Jerry Laski’s first new car was a 1971 Ford Torino GT, but after it was totaled in November 1983 he began looking for a suitable replacement.
After months of searching, Laski saw a newspaper ad offering a 1973 Mercury for sale. “I drove to Great Falls, Va., to inspect the Cougar,” Laski says. He was smitten by the Gold Glamour paint on the stylish convertible with a white leather interior.
Documents that came with the Cougar indicate the 1973 convertible was ordered by the original owner with options including a 351 Cobra Jet engine, a C6 automatic transmission, Traction-lok differential, power steering, power seat, air conditioner, AM/FM radio, body side molding, intermittent windshield wipers, appearance protection group, color keyed racing mirrors, tinted glass and power side windows. The options and assorted dealer add-ons pushed the purchase price to $4,421.73.
Laski purchased the 10-year-old car August 27, 1983. At that time the odometer had recorded 62,875 miles. According to Laski, the serial numbers indicate his was the last Cougar manufactured with the much-coveted Cobra Jet V-8 engine.
The Cleveland Cobra Jet engine impressed Laski. “I was quite familiar with this fine motor as my Torino also had a Cleveland engine,” Laski says. “I pulled the Torino motor after the accident with the Torino as the engine was good. I still have this engine.”
Five years later, with 70,000 miles on the original engine, Laski reports that some of the nylon teeth on the camshaft timing gear broke and prevented the engine from starting. “I could have replaced the defective cam gear,” Laski explains, “but instead I decided to have the motor rebuilt.”
Once the engine and transmission were removed and sent off for rebuilding, Laski decided it was the perfect opportunity to clean, paint and detail the engine compartment.
Over the last 25 years Laski has consistently worked to keep his car in like-new condition. “I have rebuilt the 9-inch Ford Traction-lok differential, the front and rear suspension, drive shaft, brakes and even replaced the fuel tank.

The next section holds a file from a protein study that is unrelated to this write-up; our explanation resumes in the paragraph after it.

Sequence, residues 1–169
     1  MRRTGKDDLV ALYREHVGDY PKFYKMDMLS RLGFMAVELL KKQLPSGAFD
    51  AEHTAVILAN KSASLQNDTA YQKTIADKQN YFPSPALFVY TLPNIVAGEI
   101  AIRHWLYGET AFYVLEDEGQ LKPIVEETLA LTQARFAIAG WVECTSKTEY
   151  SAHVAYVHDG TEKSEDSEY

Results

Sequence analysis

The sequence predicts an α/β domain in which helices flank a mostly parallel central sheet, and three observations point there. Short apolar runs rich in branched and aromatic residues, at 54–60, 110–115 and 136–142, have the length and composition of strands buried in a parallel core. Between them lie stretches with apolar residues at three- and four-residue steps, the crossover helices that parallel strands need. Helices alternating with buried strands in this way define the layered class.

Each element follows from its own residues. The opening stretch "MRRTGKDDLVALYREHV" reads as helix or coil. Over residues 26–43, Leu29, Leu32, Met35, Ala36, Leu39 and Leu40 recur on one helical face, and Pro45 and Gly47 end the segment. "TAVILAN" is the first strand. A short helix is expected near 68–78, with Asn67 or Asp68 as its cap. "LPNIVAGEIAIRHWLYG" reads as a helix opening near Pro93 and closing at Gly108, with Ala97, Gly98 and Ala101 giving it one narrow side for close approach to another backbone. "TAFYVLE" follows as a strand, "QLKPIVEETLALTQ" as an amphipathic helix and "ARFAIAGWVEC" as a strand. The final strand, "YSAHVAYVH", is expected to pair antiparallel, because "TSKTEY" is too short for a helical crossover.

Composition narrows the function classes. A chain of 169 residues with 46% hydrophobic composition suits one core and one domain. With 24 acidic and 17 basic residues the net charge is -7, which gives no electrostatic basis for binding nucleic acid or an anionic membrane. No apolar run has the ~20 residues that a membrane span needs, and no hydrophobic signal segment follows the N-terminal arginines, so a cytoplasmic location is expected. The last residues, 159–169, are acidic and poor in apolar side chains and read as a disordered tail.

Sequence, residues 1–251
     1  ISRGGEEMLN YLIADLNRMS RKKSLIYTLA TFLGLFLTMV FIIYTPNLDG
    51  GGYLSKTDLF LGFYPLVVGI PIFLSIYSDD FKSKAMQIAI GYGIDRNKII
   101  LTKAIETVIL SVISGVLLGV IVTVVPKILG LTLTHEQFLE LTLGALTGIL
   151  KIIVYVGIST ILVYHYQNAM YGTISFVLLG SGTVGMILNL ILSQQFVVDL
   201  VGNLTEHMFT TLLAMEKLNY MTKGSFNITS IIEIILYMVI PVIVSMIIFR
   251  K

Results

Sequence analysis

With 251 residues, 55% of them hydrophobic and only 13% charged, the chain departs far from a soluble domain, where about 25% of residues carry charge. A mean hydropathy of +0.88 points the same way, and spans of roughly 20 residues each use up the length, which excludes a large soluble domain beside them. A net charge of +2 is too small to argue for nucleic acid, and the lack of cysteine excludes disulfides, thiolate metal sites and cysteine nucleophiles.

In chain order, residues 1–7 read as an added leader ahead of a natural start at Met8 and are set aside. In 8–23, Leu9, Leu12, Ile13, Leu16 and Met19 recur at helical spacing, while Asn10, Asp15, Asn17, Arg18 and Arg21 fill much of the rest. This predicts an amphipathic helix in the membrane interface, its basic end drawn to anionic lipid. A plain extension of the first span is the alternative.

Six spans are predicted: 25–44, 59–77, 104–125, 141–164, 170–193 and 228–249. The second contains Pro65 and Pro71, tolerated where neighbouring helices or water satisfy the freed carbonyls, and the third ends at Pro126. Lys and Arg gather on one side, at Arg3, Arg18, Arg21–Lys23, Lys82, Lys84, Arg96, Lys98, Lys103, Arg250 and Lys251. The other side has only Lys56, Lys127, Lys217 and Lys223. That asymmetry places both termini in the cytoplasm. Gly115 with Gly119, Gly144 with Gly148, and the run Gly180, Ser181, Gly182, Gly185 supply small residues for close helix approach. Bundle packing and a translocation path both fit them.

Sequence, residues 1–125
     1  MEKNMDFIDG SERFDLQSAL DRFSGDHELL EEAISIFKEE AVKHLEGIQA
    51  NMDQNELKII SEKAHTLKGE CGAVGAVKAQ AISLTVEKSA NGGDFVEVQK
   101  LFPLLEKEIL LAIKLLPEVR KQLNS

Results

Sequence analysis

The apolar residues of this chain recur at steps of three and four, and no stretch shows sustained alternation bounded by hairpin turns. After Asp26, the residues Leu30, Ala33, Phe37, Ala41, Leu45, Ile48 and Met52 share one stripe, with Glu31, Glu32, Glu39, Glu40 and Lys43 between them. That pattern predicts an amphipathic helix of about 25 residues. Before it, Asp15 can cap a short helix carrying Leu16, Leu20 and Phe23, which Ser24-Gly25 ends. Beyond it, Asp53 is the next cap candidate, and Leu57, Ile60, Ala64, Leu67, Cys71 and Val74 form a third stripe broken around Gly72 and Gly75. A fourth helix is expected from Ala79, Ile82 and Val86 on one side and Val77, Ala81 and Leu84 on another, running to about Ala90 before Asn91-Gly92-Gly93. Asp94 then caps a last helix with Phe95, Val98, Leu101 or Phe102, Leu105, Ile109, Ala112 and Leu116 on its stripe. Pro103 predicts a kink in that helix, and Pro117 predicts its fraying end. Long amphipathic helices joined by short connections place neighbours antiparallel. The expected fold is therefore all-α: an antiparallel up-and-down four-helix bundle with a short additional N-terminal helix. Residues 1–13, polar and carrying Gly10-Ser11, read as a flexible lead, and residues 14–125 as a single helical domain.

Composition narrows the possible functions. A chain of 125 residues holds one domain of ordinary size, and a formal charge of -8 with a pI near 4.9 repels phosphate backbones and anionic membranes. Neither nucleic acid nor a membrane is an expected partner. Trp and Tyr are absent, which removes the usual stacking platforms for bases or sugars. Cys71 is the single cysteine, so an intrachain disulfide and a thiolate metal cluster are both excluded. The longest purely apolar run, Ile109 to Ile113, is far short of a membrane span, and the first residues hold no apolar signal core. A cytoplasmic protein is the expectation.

The original air conditioner compressor and air conditioning hoses remain in place. “It still works,” Laski says. He plans to rebuild the entire system and convert it to the environmentally friendly 134A Freon system.
Laski replaced the Ginger-colored carpeting in the cockpit in 1990. That carpeting provides a contrasting background to the white leather seats. Stamped in the back of each seat is a Cougar emblem. The same Cougar emblem is also on the hub of the three-spoke steering wheel. The wheel is equipped with a rim blow feature enabling the driver to sound the horn by simply squeezing any part of the rim of the three-spoke steering wheel.
Above the chrome bumper at the rear of the Cougar, flanking the license plate and backup lights, are the taillights that continue on to the outer edges of the fenders. Of course, the taillights have the popular Mercury Cougar sequential feature when the turn signals are activated.
At the other end of the car are the quad headlights, which are the round, sealed beam units. Below the headlights is the chrome bumper that is protected by a horizontal rubber strip in addition to a pair of vertical bumper guards, also with protective rubber strips.
Laski is always ready to slip into the drivers seat and set the B.F. Goodrich tires rolling for some highway therapy. The automatic transmission is controlled by the lever in the console on the floor. That console also houses the clock.
The miles recorded on the odometer are now approaching 89,000. Despite the pristine appearance of the Mercury, Laski says, “My Cougar is not strictly a show car as it has accumulated some small rock chips from driving the vehicle on the roads over the past 26 years.”
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Copyright, Motor Matters, 2009